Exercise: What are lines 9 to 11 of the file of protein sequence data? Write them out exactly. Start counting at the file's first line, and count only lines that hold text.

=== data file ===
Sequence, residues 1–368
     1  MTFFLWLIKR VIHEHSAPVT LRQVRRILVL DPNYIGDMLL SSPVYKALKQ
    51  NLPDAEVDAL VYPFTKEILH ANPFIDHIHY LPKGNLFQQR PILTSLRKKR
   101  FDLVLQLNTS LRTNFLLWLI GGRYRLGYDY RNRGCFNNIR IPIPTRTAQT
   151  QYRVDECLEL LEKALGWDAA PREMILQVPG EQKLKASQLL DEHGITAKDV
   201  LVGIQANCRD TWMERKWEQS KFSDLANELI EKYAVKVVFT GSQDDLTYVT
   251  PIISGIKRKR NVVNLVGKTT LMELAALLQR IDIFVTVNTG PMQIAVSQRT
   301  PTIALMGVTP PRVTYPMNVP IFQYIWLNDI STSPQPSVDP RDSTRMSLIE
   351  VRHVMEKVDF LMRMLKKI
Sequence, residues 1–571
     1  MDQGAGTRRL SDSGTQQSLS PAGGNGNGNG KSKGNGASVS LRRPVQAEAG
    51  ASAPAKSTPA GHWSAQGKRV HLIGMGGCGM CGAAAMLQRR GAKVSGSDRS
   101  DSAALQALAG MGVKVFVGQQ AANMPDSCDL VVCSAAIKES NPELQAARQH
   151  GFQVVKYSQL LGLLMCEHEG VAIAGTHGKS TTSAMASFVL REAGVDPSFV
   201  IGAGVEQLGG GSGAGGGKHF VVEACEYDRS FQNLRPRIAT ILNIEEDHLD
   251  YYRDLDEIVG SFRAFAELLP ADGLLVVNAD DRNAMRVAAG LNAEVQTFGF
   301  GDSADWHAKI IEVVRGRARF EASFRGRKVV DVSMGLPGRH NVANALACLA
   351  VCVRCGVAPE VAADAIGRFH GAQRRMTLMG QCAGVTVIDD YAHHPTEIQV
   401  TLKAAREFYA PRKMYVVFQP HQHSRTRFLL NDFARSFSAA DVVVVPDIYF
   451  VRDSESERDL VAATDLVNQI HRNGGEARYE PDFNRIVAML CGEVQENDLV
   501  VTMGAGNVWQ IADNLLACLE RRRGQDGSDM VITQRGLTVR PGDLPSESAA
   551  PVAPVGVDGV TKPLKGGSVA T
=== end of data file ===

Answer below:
   351  VRHVMEKVDF LMRMLKKI
Sequence, residues 1–571
     1  MDQGAGTRRL SDSGTQQSLS PAGGNGNGNG KSKGNGASVS LRRPVQAEAG